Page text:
For those of you who have never participated in a Winter Garden Festival, it is a beautiful but simple ritual that honors each child and family and their own connection to the school and community. The room is dark and a large wreath of greens is laid out on the floor in a spiral path. In the spiral there are stumps placed regularly along the path and at the center on the largest stump is a beeswax candle, lit before the ceremony begins. The central point is also decorated with beautiful crystals and fruit - pomegranates and apples, berries and special greens. Each child is given a candle placed in an apple ...she then walks alone to the center of the spiral, lights the candle from the central light and returns, placing the candle on one of the stumps along the path. Through the course of the ritual the entire spiral is slowly illuminated. Watching each child walk the spiral and seeing their faces illuminated in the glowing light of the candle is very special. As you move through the grades you develop close relationships to the parents and children in your child's class. In this moment, watching the class move into and out of the spiral, you are especially aware of each family and of all the bonds that give your child a loving community in which to grow and thrive.
The symbols used in the ritual derive from various celebrations of solstice around the northern hemisphere but the ritual itself seems to be unique to Waldorf schools. To understand the ritual fully it is important to understand the purely astronomical event involved. In its apparent path around us, the sun's position changes subtly every day so that as the sun moves along its daily path from east to west (bringing us night and day) it also moves backwards (west to east) along its path, called the ecliptic, so that each day as it rises it will appear in a slightly different spot along the horizon. On the summer solstice, the sun will rise as far to the north as it gets, so that the sun travels in a large arc over us producing the familiar long days and short nights. In the winter at solstice the sun reaches its most southerly position and it makes a very low arc in our sky - it is the shortest day of the year. From this point outwards our hours of daylight increase eventually bringing us to spring and around again to summer. In visualizing this path over the course of the year one discovers that the sun forms a perfect spiral around us so that the spiral path that the children walk in the Winter Garden is a reflection of the path of the sun through the year - winding in for six months and then out for six more.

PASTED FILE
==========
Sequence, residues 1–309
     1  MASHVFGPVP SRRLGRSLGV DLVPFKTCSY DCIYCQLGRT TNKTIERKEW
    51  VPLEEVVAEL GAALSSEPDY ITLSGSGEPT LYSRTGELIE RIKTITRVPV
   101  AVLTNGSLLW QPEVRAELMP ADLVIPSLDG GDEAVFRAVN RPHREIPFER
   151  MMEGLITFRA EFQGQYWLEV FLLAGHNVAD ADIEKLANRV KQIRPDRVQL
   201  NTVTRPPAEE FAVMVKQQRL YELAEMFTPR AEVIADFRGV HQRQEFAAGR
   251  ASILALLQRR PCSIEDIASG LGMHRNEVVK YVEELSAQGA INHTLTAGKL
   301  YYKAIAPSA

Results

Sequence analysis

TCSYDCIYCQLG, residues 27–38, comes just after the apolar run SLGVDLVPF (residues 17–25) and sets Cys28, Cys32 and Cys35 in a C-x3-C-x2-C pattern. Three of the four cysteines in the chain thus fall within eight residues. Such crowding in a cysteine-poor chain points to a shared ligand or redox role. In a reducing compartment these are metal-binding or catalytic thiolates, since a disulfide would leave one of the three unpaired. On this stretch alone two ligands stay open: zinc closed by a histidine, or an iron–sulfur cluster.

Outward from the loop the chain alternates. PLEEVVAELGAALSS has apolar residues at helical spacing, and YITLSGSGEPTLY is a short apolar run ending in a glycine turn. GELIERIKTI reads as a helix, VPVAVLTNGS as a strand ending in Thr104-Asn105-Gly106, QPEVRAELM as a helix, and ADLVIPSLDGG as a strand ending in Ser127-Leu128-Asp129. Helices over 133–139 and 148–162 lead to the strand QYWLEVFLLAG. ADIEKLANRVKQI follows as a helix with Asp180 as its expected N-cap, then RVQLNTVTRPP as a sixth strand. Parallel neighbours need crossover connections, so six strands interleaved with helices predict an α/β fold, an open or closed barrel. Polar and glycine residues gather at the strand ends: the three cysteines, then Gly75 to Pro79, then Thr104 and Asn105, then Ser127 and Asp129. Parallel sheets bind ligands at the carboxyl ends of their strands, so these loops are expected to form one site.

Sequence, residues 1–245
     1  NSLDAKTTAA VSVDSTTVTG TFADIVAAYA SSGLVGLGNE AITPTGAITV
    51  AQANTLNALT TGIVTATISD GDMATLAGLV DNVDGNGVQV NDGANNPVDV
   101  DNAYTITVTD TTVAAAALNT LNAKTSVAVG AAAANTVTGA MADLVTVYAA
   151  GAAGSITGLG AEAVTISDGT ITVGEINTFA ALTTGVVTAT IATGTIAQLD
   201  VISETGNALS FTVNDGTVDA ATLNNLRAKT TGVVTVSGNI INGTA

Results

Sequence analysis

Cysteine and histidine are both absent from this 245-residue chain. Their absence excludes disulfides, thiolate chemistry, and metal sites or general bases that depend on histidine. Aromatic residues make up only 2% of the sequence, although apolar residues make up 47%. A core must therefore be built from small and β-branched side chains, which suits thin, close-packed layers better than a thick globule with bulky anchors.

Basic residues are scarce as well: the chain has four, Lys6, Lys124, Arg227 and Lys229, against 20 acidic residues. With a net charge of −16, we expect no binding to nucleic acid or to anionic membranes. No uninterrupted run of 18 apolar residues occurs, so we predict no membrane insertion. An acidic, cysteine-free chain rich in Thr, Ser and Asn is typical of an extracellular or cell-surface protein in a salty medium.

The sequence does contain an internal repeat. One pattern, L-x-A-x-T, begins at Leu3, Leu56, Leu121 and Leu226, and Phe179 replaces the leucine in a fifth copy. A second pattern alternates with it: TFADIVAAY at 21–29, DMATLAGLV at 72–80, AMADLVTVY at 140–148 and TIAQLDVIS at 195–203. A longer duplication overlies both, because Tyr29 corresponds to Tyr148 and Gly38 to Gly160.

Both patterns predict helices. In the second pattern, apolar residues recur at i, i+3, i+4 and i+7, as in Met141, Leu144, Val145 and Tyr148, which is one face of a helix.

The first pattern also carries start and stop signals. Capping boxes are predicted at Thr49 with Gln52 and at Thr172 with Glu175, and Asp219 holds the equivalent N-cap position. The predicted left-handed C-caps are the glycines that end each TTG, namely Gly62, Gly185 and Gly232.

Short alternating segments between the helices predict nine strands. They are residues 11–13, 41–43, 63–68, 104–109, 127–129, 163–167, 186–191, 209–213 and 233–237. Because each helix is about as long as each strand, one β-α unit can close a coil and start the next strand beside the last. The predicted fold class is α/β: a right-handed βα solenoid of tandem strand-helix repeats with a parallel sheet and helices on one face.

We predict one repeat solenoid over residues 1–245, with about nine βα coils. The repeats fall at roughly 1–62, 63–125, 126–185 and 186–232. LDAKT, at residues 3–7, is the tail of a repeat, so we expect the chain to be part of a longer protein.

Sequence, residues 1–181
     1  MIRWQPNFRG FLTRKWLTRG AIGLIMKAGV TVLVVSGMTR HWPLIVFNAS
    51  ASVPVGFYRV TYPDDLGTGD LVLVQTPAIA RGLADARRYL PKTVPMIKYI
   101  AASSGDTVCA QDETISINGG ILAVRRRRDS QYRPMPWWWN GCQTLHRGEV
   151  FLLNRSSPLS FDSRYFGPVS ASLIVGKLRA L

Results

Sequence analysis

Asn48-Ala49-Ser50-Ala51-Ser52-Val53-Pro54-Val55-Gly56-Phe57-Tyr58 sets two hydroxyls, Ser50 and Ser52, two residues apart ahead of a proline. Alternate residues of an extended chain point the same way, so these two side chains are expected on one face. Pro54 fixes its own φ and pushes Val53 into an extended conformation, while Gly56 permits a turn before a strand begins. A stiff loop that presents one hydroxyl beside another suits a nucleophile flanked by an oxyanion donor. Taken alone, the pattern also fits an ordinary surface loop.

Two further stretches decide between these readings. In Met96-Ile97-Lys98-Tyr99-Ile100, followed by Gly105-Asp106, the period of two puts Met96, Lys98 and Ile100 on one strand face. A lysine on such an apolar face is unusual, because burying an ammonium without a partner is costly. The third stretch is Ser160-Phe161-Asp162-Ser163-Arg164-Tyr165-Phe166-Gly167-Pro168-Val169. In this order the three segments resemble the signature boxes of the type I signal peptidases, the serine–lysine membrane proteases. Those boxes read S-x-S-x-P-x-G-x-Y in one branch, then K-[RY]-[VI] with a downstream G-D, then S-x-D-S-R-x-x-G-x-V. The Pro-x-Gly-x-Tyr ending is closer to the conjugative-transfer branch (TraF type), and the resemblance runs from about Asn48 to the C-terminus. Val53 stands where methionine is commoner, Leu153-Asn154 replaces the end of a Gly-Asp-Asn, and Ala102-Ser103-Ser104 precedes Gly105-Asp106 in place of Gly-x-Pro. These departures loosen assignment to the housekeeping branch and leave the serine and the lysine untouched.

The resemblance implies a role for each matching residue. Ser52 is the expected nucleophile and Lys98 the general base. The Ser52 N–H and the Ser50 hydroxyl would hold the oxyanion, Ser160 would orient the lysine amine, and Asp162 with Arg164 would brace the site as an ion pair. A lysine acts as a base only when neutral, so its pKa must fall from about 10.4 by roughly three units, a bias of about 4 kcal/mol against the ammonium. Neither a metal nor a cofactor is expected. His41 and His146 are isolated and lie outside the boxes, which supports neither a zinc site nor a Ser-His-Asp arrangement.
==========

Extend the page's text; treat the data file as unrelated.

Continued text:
In the winter garden spiral the path winds in to the center counterclockwise, or "widdershins", to use the older word. The child symbolically walks the path of the sun over the course of the year and for older children and adults walking the spiral it is a good time to reflect on the passing year. As the child turns from the center with her candle lighted she now walks clockwise ("deosil"), the familiar and comfortable course of the sun every day. This symbolizes the movement into the new day, the birth of the sun from the darkness of winter into the coming light of the year. It is a time to think about what the new year brings.
Although most of us today do not follow these changes very closely and don't understand the astronomical events very well - for the ancients these were the obvious facts of their lives which were by necessity more directly connected to the earth; its tilling and husbandry cycle on which their lives directly depended.